On Earth, plants and ocean microbes use sunlight to turn carbon dioxide, or CO2, into sugars for energy. Humans don’t have that ability, at least not yet.
On Mars, there aren’t plants and oceans, but there is an abundance of CO2.
NASA’s CO2 Conversion Challenge invited the public to come up with ways to convert this principle component of the Martian atmosphere into sugar, which astronauts could use to make useful products – anything from plastics, adhesives, and fuels to food and medicine.
Now, three teams of solvers have demonstrated prototype systems capable of converting CO2 from the air into glucose and other useful sugars. Air Company of Brooklyn, New York; Hago Energetics Inc. of Thousand Oaks, California; and SSwEET from the University of California, Berkeley, will take home equal shares of the $650,000 base prize.
“The CO2 Conversion Challenge began in 2018 to incentivize the public to recreate an invisible process plants do regularly with a non-biological system,” Monsi Roman, manager of Centennial Challenges, said. “Despite many obstacles, three teams developed beneficial technologies that could enable humans to create valuable products from the Martian environment.”
All three teams also won bonus prizes for designing systems with spaceflight in mind. The judging panel evaluated each submission for bonus points based on efficiency, scalability, and reliability. Air Company will receive $50,000, while Hago Energetics and team SSwEET will receive $25,000 each.
Air Company’s three-step process begins by combining CO2 and hydrogen to make methanol. Removing hydrogen then turns the methanol into formaldehyde, a colorless and strong-smelling chemical used to make building materials and cleaning agents. A third chemical reaction produces a simple sugar called D-glucose.
Hago Energetics’ system used a similar thermochemical process to produce D-glucose and other sugars. Its four-step process first uses electricity to split water into hydrogen and oxygen. The CO2 and hydrogen combine to create methanol, and then hydrogen is removed to produce formaldehyde. The final chemical reaction creates D-glucose.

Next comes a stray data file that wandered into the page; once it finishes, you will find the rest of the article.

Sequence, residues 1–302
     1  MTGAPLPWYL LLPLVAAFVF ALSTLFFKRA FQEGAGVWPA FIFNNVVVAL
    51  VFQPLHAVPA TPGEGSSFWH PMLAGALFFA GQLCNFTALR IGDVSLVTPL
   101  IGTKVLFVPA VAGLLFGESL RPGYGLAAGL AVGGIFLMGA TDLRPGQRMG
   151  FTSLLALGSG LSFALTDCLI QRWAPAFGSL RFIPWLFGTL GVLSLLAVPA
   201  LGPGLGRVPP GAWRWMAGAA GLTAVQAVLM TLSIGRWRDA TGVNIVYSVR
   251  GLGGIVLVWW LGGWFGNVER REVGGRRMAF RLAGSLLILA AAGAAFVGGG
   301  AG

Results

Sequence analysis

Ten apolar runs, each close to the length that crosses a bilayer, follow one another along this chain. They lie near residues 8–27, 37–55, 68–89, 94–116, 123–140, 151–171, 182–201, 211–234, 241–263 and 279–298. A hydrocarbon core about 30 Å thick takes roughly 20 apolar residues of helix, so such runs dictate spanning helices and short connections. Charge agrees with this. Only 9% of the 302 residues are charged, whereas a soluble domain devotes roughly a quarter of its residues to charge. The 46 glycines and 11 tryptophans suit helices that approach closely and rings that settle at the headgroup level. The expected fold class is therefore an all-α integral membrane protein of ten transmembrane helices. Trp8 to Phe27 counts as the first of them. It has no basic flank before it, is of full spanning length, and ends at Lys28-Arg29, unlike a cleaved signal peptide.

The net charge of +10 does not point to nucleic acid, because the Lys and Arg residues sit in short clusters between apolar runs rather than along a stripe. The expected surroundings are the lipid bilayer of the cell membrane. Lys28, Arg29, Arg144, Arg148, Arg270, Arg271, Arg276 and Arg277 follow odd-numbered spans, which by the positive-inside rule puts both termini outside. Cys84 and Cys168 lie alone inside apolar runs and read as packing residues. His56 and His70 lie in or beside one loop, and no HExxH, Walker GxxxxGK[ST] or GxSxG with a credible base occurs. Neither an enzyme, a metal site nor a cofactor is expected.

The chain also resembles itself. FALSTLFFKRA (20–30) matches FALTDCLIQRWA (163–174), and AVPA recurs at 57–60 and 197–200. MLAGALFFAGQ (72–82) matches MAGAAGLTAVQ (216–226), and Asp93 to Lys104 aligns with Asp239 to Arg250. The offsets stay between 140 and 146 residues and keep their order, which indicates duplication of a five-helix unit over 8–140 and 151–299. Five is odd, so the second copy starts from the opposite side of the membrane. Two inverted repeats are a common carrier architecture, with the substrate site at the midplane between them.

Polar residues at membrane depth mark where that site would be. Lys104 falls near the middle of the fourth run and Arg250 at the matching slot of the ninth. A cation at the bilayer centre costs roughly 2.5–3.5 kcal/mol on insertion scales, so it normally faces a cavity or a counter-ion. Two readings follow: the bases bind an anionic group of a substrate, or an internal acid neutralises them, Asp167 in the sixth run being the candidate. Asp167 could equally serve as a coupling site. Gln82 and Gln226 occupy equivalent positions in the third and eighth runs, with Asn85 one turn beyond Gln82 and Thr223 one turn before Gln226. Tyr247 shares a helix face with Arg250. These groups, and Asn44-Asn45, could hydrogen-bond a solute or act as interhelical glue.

Team SSwEET – short for Space-Sugar with Electrochemical Energy Technology – demonstrated that glycolaldehyde, a compound that CO2 can produce when broken down by electrical energy, can “autocatalyze” sugars like glucose. That means the chemical reaction producing the sugars also makes a product that can initiate the same reaction again, creating a cycle.
These types of systems could allow future explorers to use readily available resources at a destination’s environment.
Centennial Challenges, part of the Prizes, Challenges, and Crowdsourcing program in NASA’s Space Technology Mission Directorate, bridges the innovation gap between NASA and the nation by stimulating research and technology solutions inside and outside the traditional aerospace community. The competitions offer incentive prizes to generate revolutionary solutions to problems of interest to NASA and the nation. Centennial Challenges is based at Marshall Space Flight Center.
Editor’s note: Taylor Goodwin, an LSINC employee, supports Marshall’s Office of Strategic Analysis & Communications.